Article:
of having faculty and staff of color in leadership positions:
Oftentimes, institutional diversity strategies focus on
increasing the number of students of color on campus. It
is essential that emphasis also be placed on hiring more
faculty and staff of color into leadership positions. At
the same time, institutions have to be sensitive to the
fact that campus diversity is everyone’s business
and that faculty and staff of color should not be the sole
bearers of campus diversity efforts.
of diversity priorities with institutional mission: Diversity
priorities should be aligned with the institutional mission.
Otherwise, campus diversity efforts can be disconnected
from the mission, and easily viewed as not important to
achieve successes in the overall mission.
the importance of diversity to the campus community: Most
institutions have lofty statements proclaiming their support
for campus diversity. However, lack of clear communication
or mixed messages to the campus community can convey the
message that diversity is merely tolerated. How do campuses
introduce the importance of campus diversity to new students
and faculty? What impact does diversity have on the curriculum
and academic priorities? How are diversity successes and
achievements celebrated and communicated to the campus and
diversity among students is complicated: Recognize the complexity
of campus diversity - especially the interrelationship of
equity/social justice issues and institutional efforts to
demonstrate that diversity represents a benefit to all students.
To have successful campus diversity, an institution must
address both goals.
diversity misperceptions that students have: Tackle campus
myths about diversity - especially racial and ethnic diversity.
Additionally, campuses have to move beyond soft diversity
programs (feel good activities) that really don’t
result in systemic institutional changes and in many cases,
reinforce stereotypes that students might have about different
of housing and co-curricula activities to student diversity:
Students indicate that much learning occurs outside of the
classroom and that the resident hall is the place where
students learn to interact with each other in a natural
hold the administration responsible for addressing climate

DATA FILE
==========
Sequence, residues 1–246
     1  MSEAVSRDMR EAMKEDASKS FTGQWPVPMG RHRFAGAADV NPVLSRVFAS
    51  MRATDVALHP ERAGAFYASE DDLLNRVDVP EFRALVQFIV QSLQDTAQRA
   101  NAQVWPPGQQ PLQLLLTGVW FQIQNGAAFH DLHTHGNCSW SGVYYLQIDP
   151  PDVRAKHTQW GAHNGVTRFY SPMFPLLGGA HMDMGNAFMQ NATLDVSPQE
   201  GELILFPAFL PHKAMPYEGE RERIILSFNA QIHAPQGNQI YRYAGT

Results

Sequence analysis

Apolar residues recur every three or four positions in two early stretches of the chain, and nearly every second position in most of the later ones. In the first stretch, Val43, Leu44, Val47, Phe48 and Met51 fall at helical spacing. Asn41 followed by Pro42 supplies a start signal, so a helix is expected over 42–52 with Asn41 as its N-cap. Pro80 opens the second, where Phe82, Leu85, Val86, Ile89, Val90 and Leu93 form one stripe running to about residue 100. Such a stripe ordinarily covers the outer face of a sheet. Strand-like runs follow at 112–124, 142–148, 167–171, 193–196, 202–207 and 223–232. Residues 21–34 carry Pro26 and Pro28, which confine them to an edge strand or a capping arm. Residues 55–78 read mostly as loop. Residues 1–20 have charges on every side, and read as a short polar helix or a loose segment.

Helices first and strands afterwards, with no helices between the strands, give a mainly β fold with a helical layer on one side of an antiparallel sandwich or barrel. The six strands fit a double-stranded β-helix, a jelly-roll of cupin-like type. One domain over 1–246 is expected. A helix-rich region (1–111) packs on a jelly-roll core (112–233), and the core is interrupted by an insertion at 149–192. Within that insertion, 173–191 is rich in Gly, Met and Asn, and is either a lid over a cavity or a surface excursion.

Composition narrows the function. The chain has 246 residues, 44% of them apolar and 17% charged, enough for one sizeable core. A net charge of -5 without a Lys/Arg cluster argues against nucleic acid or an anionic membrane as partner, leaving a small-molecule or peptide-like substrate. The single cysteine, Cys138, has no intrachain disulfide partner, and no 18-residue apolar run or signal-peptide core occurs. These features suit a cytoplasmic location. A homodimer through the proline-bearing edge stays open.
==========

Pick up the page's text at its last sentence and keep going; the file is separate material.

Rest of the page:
issues: It is imperative that campuses be prompt, and where
possible proactive, in addressing racial incidents involving
students of color and other students, faculty, and staff.
Students clearly expect the campus administration to resolve
racial incidents in a timely manner. In the case of students
of color, they hold the university leadership accountable
for addressing overall campus climate issues at all levels.
The perceptions of racially charged occurrences, if not
addressed, have the potential for major and sustained conflicts
that can quickly derail gains that have been made to improve
the campus racial climate.
importance of within group diversity: There is remarkable
diversity within various student racial and ethnic groups.
Because of this, institutions should support the need for
students to learn about their own groups and explore complex
issues that might exist within different groups –
group identity and affiliation are not as simple as they
often may appear. Emphasis must be placed on equally supporting
students’ inter- and intra-group activities. Failure
to recognize and appreciate within group experience can
easily suggest that all groups are fairly monolithic in
their values and experiences. It can also introduce backlash
when some groups perceive that diversity is a code word
in graduation rates: There are often vast differences in
the graduation rates of different racial and ethnic group
on campus, and institutions rarely institute systematic
efforts that are designed to close these gaps. Graduation
parity has to be one of the key goals, and measures of success,
of campus diversity efforts. Additionally, institutions
need to have a better understanding of why these disparities
exist. Too often, anecdotal stories (e.g., they couldn’t
make it academically or adjust to the campus climate) have
a way of becoming fact and masking other major issues such
as the impact of financial concerns and climate.
units have to be major players in institutionalizing campus
diversity initiatives that impact students: Too often, academic
administrators and faculty have little involvement or roles
in institutional diversity efforts. This lack of involvement
can leave the impression that campus diversity initiatives
only pertain to students and student affairs units. Success
with overall institutional efforts can only be achieved
when academic units are an integral part of the campus diversity
of Informal Faculty Contact: Having access to faculty –
and good mentoring relationships and opportunities –
is extremely important to students of color. Students of
color often cite having great difficulties and frustrations
in developing mentoring and informal relationships with
faculty and express feelings of being devalued and not respected.
This problem is further compounded where there is an absence
of faculty of color.
support for campus diversity: It is essential that institutions
seek external support from alumni, donors and the corporate
community. These external groups are often overlooked as
potential supporters of, and contributors to, campus diversity
efforts. They can be powerful allies in fostering support
for overall campus diversity initiatives. On the other hand,
campuses often overlook the critical need to educate these
populations on the importance of campus diversity and how
these efforts benefit society in general.